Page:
The Ongoing Saga of First-Year Depreciation
By now you may have heard the IRS proposed temporary regulations (REG-104397-18), regarding first-year depreciation deductions. Specifically, what property can be accelerated by 100 percent depreciation.
Mind you, these are just proposed regulations and who knows when, or if, these REGs will be made permanent.
The TCJA made extensive changes to the depreciation (and expensing) rules. Among these changes, TCJA provided a 100 percent first-year deduction of the adjusted basis for qualified property acquired and placed in service after Sept. 27, 2017 and before Jan. 1, 2023 (after Sept. 27, 2017 and before Jan. 1, 2024 for certain aircraft and property with longer production periods).
In later years, the first-year bonus depreciation deduction phases down (i.e., to 80 percent in 2023, to 60 percent in 2024, 40 percent in 2015, and 20 percent in 2026—a one-year date adjustment applies for certain aircraft and property with longer production periods).
Under the TCJA, for productions placed in service after Sept. 27, 2017, qualified property eligible for a 100 percent first-year depreciation allowance includes qualified film, television and live theatrical productions. A production is considered placed in service at the time of initial release, broadcast, or live staged performance.
For trees and vines bearing fruit or nuts and certain other specified plants planted or grafted after Sept. 27, 2017 and before Jan. 1, 2027, the 100 percent first-year deduction is also available subject to phase-out rules similar to those above.
For property placed in service after Dec. 31, 2017, the separate definitions of qualified leasehold improvement, qualified restaurant, and qualified retail improvement property are eliminated under TCJA, and a general 15-year recovery period and straight-line depreciation are provided for qualified improvement property (generally, a less restrictive category than the aggregate of the three categories that it replaces). A 20-year ADS recovery period is provided for such property.
In addition, for the first tax year ending after Sept. 27, 2017, a taxpayer can elect to claim 50 percent bonus first-year depreciation (instead of claiming a 100 percent first-year depreciation allowance).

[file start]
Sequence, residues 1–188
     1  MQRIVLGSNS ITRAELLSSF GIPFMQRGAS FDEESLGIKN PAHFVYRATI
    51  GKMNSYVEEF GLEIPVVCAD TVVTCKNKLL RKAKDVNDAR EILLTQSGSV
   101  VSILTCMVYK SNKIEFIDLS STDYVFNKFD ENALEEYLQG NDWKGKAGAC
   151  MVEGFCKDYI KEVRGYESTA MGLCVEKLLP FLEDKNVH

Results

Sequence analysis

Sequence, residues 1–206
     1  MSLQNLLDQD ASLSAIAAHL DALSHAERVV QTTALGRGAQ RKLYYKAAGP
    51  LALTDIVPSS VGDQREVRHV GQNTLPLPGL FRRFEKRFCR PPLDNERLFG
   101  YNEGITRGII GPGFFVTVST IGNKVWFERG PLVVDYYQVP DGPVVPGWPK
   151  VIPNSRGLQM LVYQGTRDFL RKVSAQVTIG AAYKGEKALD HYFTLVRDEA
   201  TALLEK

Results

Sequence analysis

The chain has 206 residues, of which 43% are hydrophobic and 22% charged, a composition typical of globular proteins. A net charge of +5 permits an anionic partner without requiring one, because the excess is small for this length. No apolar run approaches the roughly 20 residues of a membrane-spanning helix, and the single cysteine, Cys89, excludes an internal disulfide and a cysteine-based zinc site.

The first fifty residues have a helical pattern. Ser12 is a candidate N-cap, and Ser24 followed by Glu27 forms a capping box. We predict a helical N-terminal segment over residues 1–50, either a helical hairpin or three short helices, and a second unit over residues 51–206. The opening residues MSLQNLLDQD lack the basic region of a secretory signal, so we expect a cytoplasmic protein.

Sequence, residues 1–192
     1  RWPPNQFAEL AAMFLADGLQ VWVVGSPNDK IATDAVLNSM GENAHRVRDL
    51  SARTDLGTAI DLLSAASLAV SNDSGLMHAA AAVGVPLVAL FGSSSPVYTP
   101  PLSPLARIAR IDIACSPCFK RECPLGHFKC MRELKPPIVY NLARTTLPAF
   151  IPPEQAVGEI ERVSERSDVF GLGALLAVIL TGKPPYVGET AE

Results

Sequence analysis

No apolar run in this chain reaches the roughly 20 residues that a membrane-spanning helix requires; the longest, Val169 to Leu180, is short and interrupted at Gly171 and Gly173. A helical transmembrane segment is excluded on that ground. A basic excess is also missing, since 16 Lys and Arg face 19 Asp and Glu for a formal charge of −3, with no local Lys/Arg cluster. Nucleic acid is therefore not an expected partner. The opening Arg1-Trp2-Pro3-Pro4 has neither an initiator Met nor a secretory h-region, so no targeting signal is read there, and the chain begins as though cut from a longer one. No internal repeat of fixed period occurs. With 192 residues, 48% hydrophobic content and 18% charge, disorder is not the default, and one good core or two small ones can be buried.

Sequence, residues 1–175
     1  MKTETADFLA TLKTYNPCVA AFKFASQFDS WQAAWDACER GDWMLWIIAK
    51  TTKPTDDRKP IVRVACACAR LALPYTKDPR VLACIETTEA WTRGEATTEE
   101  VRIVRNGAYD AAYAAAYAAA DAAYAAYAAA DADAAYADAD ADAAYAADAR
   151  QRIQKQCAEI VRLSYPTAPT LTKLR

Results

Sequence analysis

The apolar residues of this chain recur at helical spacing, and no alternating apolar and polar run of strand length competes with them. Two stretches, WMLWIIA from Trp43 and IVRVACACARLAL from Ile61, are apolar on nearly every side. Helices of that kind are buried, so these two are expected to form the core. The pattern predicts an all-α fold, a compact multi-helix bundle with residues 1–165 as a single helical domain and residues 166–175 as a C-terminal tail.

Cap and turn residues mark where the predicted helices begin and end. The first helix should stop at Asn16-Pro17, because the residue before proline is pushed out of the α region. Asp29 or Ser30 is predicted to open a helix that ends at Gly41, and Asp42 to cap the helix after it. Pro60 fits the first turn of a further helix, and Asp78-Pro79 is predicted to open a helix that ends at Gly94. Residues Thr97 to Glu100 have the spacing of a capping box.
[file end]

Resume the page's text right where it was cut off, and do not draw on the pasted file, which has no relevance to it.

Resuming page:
Under the proposed regs, as consistent with IRC.§ 168(k)(2), as amended by the TCJA, depreciable property must meet four requirements to be qualified property, eligible for bonus first-year depreciation:
1) the depreciable property must be of a specified type
2) the original use of the depreciable property must begin with the taxpayer, or used depreciable property must meet the IRC .§ 168(k)(2)(E)(ii) acquisition requirements
3) the depreciable property must be placed in service by the taxpayer within a specified time period or must be planted or grafted by the taxpayer before a specified date; and
4) the depreciable property must be acquired by the taxpayer after Sept. 27, 2017
What was clarified in these Proposed REGs was Leasehold Improvements, Restaurant Equipment, and other items are allowed the 100 percent deduction. Further, although most property that is eligible for the accelerated depreciation must commence with the taxpayer there are some exceptions to the rule. Those exceptions include:
1) The property was not used by the taxpayer or a predecessor at any time prior to the acquisition
2) The acquisition of the property meets the related party and carryover basis requirements of IRC .§ 179(d)(2)(A), IRC .§ 179(d)(2)(B), and IRC .§ 179(d)(2)(C) and Reg § 1.179-4(c)(1)(ii), Reg § 1.179-4(c)(1)(iii), and Reg § 1.179-4(c)(1)(iv), or Reg § 1.179-4(c)(2);
3) The acquisition of the property meets the cost requirements of IRC .§ 179(d)(3) and Prop Reg § 1.179-4(d).
Just a word of caution here, if you are using these depreciation rules as your main tax planning strategy, it should be pointed out that when the equipment is sold, there would be no basis. Thus, the sale could result in a large capital gain.
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Craig W. Smalley, MST, EA, has been in practice since 1994. He has been admitted to practice before the IRS as an enrolled agent and has a master's in taxation. He is well-versed in US tax law and US Tax Court cases. He specializes in taxation, entity structuring and restructuring, corporations, partnerships, and individual taxation, as well as...